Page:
A path to common sense

The Youth National Seeding Races and Championships at the Mount Van Hoevenberg Sports Complex in Lake Placid. File Explorer photo by Mike Lynch

By Phil Brown

I have never heard anyone utter a bad word about the state Court of Appeals killing a plan to build a bobsled run in the Sentinel Range.

I do have a critique, but not because I disagree with the result.

The high court opined in 1930 that cutting in the Forest Preserve “to a significant timber extent” or “to any material degree” would violate the forever-wild clause of the state constitution. “To cut down 2,500 trees for a toboggan slide, or perhaps for any other purpose, is prohibited,” the court declared.

Of course, a bobsled run has no place in the Forest Preserve even if zero trees are cut for it. Perhaps you’ve seen the bobsled track on Mount Van Hoevenberg all lit up against the night sky. Now imagine it transplanted to the wild and rugged slopes of the Sentinels outside Lake Placid. What an abomination.

Yes, the court made the right call. At the same time, it led to our obsession with counting trees as a measure of constitutional fitness. As I suggested in my prior column, this is a feckless exercise.

The phrases “to a significant extent” and “to any material degree” are so vague as to be almost meaningless. And yet court after court totes up the number of trees to be cut for a given project to determine whether it is “substantial” or not.

We can deduce no general principle or formula from the few cases on the issue. Clearing 2,500 trees for a bobsled is impermissible. Cutting 350 trees to relocate trails in the Catskills is OK. Cutting 6,184 trees (what exactitude!) for 27 miles of snowmobile trails is prohibited—even though the trees exist in different parts of the Adirondack Park.

Just for perspective: based on federal data, it’s likely that the Adirondacks contain more than 3 billion trees of at least one-inch diameter. A conservative estimate is that a billion of these stand within the Forest Preserve. In the grand scheme, the number of trees cut for any trail will be inconsequential.

The courts, however, make judgments based on a project’s local impacts. This is sensible, but tree counts tell us little about those impacts.

Let’s say you want to build a 10-mile hiking trail. You have two potential routes. In one, you’ll need to cut 500 trees; in the other, 1,000 trees. Once the trail is built, does it really matter how many trees once existed along its path? In either case, the result is an artificial corridor where no trees will grow for as long as it is used and maintained. And the effects on the surrounding forest are the same. In fact, the greatest impacts come not from the loss of trees but from the trail itself. The trail brings humans who make noise, litter, defecate, cut branches for firewood, carve initials in bark.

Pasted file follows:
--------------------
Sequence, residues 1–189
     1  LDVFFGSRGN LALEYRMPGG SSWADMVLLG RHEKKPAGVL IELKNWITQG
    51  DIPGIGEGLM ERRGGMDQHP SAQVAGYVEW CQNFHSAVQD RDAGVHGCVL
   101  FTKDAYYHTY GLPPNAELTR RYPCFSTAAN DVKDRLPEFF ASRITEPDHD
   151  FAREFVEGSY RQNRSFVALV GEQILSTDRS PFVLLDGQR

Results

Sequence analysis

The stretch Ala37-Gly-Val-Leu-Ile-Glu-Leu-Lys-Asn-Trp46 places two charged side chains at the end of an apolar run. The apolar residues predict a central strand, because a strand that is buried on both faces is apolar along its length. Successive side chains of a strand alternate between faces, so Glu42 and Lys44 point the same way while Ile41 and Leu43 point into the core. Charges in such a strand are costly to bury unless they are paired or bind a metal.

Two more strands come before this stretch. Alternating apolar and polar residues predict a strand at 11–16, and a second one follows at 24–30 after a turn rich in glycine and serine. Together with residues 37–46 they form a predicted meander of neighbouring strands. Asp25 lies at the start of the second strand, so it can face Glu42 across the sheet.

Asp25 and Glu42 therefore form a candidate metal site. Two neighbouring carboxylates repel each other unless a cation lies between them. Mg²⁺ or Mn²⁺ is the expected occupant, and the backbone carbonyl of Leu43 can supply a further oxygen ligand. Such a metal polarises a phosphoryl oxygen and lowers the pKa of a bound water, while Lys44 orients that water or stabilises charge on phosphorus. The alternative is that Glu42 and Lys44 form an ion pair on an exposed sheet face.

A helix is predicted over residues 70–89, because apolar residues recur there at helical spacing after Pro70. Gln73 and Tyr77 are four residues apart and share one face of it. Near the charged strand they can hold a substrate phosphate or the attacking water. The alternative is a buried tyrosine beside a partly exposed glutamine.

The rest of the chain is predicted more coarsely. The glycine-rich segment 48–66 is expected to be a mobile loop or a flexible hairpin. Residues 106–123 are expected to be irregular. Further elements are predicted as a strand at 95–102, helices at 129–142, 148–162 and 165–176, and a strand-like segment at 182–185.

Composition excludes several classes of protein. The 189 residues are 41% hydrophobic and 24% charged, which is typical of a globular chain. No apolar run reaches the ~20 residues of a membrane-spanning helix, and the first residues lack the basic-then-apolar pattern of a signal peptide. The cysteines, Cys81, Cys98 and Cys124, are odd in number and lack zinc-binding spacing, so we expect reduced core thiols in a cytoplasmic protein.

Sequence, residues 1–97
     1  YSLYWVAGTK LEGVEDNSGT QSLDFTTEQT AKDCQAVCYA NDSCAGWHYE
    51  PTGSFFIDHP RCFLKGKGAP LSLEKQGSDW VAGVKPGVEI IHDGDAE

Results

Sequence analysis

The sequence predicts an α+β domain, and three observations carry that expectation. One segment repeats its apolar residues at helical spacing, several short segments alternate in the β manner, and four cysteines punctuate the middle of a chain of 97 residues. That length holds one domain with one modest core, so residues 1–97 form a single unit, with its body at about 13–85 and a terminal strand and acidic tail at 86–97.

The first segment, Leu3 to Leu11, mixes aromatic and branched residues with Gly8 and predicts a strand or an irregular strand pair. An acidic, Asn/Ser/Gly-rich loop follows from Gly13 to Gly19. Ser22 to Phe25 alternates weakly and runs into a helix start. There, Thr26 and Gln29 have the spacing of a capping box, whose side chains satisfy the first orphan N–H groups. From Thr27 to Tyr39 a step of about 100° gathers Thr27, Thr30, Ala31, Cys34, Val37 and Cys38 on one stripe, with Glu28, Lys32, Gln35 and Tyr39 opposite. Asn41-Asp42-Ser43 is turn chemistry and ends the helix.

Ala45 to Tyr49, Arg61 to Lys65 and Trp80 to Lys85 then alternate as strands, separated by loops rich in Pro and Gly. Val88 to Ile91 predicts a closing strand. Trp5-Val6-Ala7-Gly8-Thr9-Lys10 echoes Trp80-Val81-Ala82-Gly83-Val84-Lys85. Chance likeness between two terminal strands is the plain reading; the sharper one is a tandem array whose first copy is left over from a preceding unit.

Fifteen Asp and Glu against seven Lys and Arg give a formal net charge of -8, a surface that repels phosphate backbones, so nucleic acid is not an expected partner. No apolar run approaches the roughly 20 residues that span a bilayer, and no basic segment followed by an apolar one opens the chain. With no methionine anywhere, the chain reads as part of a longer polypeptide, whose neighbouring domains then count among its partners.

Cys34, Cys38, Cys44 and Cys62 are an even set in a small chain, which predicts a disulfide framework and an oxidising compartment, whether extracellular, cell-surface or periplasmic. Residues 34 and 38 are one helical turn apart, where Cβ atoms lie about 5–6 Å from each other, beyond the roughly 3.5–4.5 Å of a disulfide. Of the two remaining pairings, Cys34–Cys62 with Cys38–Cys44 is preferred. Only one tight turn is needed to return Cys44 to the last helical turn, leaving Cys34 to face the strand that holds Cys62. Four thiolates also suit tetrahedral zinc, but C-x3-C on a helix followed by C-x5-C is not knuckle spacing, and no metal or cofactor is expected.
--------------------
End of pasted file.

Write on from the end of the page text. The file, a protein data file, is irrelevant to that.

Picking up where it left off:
What’s more, raw counts say nothing about the nature of the trees to be cut. Are they mature yellow birches, majestic white pines, or saplings that might not survive anyway?

I don’t say we should stop tallying trees, but the importance assigned to these counts by judges, policymakers and environmental advocates is misguided. Inasmuch as we don’t know what the numbers mean, the whole business borders on irrational.

There are more important questions to ask about a trail: Is it safe for the intended purpose? Is it laid out to avoid or minimize ecological damage to wetlands and other sensitive areas? Is it designed to sustain years of use?

These questions can be answered objectively. Although there may be room for debate over details, the criteria for building safe, sustainable, and environmental sound trails are well known. Books have been written about proper trail design.

Safe, sustainable, sound—I hope we all can agree on these three principles.

The thorniest issue probably concerns to trail width. In the Adirondacks, we tend to recoil at any trail wider than a footpath. Yet ski trails on steep slopes as well as snowmobile trails need to be wider for safe use. Some might complain that such trails are unsightly, but that is an important aesthetic matter and should not be prioritized over safety.

In the 1930s the state conservation department promoted and built a number of down-mountain ski trails with turns 15 to 20 feet wide. State Attorney General John Bennett Jr. signed off, saying the tree cutting would not violate the constitution. “Travel upon skis requires paths of greater width than ordinary footpaths or snowshoe trails,” he noted.

It was common sense then. It’s common sense today.

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